355. Nevolas v. Boston Scientific Corp., 2016 WL 347721 (W.D. Okla. Jan. 28, 2016), motion to dismiss granted against all claims in action involving spinal cord stimulator.  Plaintiff failed to plead parallel claims.  Alleged violations of non-specific GMP regulations do not state parallel claims.  Confidential PMAs do not justify vague pleadings.  Amended complaint dismissed 2016 WL 1532259 (W.D. Okla. April 15, 2016), violations still too vague.  On appeal No. 16-6127 (10th Cir.)
  356. Money v. Johnson & Johnson, 2016 WL 368128 (N.D. Cal. Feb. 1, 2016), judgment on the pleadings granted against all claims in action involving contact lenses.  No parallel claims pleaded.
  357. De La Paz v. Bayer Healthcare LLC, 159 F. Supp.3d 1085 (N.D. Cal. Feb. 2, 2016), motion to dismiss granted against all claims in action involving implantable contraceptive.  Violation claims must be causal.  Adulteration is not necessarily a design or manufacturing defect.  Negligent training preempted by FDA approval of training manuals.  Manuals judicially noticed.  Failure to report claim noncausal.  Implied warranty preempted.   Express warranty and fraud claims involving FDA-approved statements preempted; rest inadequately pleaded.
  358. Morris v. Greenky, 2016 WL 10703473 (N.Y. Sup. Feb. 9, 2016), motion to dismiss granted against all claims in action involving hip prosthesis.  Generally applicable FDA GMPs are too vague for their violation to serve as the basis for a parallel claim.
  359. Ellis v. Smith & Nephew, Inc., 2016 WL 7319397 (D.S.C. Feb. 16, 2016), motion to dismiss granted against all claims in action involving hip implant.  Parallel claims did not allege either the violation or causation.  A recall does not defeat preemption.  Express and implied warranty and consumer fraud preempted.  Failure to report preempted as private FDCA enforcement.  Plaintiff not entitled to discovery.
  360. Medali v. Bayer Healthcare LLC, 2016 WL 2348545 (Cal. Super. Feb. 16, 2016), demurrer granted against all claims in action involving implantable contraceptive.  Plaintiff did not plead any parallel claim, and must replead.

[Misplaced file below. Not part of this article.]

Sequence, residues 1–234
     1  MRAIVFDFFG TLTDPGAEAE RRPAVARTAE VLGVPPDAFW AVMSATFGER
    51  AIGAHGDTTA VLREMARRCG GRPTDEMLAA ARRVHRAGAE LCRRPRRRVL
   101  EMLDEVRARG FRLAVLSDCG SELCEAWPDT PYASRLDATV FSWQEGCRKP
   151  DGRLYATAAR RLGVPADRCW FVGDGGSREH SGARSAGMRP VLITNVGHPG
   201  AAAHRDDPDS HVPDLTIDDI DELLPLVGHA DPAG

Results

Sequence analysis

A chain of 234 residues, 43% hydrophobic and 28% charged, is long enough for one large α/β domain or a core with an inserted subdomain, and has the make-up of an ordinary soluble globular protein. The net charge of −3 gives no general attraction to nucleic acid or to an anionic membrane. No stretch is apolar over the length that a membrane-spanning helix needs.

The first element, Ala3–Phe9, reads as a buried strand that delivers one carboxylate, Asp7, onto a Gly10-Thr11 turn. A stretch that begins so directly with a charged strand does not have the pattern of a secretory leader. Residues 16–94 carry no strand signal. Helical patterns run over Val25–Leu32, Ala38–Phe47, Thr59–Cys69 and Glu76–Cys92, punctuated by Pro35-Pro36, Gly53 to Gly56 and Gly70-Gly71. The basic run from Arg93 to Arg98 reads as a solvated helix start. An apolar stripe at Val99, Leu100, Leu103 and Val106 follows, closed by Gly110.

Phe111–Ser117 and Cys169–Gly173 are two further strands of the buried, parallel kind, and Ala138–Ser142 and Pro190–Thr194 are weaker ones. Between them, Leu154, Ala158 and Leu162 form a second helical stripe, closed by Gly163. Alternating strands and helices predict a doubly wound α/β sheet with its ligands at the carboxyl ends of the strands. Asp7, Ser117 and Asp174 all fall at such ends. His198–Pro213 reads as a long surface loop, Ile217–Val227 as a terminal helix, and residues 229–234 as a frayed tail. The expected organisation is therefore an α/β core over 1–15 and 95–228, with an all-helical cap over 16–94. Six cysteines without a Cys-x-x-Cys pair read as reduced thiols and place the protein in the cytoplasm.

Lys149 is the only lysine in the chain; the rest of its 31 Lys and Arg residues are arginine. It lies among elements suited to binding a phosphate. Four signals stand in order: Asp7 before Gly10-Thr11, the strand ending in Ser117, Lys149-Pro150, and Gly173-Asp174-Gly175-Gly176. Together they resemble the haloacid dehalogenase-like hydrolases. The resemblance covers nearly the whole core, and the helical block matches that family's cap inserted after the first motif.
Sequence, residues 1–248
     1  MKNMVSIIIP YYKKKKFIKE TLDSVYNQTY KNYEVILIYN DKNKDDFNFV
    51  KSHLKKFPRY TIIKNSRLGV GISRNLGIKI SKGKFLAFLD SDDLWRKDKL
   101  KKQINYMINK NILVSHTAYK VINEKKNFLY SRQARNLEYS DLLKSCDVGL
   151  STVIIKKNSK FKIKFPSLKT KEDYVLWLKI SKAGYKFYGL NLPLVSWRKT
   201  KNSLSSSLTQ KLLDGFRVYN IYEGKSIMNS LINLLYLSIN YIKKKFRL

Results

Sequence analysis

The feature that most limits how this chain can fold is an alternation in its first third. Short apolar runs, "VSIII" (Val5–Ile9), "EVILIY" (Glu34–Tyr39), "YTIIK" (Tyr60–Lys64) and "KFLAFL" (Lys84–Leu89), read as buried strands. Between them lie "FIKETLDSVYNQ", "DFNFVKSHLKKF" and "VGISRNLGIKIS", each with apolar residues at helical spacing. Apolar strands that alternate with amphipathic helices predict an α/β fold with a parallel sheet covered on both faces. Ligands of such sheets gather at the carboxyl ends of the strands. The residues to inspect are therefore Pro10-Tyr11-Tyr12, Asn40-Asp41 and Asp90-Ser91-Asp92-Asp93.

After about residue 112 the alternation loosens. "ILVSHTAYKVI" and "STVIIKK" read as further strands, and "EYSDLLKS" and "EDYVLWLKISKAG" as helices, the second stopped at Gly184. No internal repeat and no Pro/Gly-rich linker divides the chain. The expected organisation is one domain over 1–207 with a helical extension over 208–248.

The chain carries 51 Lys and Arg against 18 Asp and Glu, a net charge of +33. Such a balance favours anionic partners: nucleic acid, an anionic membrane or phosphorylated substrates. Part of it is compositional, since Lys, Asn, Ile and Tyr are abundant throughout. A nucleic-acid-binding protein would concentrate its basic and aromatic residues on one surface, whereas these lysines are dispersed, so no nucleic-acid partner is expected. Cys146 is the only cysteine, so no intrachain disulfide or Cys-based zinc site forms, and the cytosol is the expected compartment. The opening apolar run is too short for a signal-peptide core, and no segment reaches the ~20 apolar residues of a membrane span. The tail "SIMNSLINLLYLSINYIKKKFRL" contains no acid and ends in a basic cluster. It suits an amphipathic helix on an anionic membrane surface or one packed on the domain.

361. Felger v. Smith & Nephew, Inc., 2016 WL 8673054 (D. Alaska March 4, 2016), motion to dismiss granted against all claims in action involving hip implant.  All claims are preempted except possibly parallel claims involving manufacturing defects or failure to report, but those claims are insufficiently pleaded.
  362. Mink v. Smith & Nephew, Inc., 169 F. Supp.3d 1321 (S.D. Fla. March 14, 2016), renewed motion to dismiss granted against all claims in action involving hip prosthesis.  While plaintiff’s parallel claim allegations might plausibly allege a violation of the FDCA, they fail under express preemption to state a parallel claim and under implied preemption, both because Florida does not allow FDCA-based negligence per se claims.  A contract claim, involving plaintiff’s termination from a post-marketing clinical trial, cannot be a parallel claim because the termination is not alleged to have violated any regulation.
  363. Thompson v. St. Jude Medical, Inc., 2016 WL 1089978 (S.D. Ind. March 21, 2016), motion to dismiss granted against all claims in action involving defibrillator.  Although plaintiff references a recall, no specific FDA regulatory violation is identified.  Nor did plaintiff plead how any violation caused injury or even how the device was defective or malfunctioned.
  364. McLaughlin v. Bayer Corp., 172 F. Supp.3d 804 (E.D. Pa. March 22, 2016), judgment on the pleadings granted in part and denied in part in action involving implantable contraceptive.  Rejects attorney general argument that PMA preemption requires subject matter specific FDA regulations.  Negligent training claim based on violation of FDA training requirements not preempted, but inadequately pleaded.  Same for negligent risk management.  Same for express warranty.  Same for negligent manufacturing.  Negligent entrustment claim preempted.  Express warranty not preempted.  Fraudulent concealment impliedly preempted as private FDCA enforcement.  Fraud not preempted, except as to FDA-approved statements, but not specifically pleaded.  Misrepresentation survives under lesser pleading standards.  Failure to report not preempted.  Subsequent decision, see below.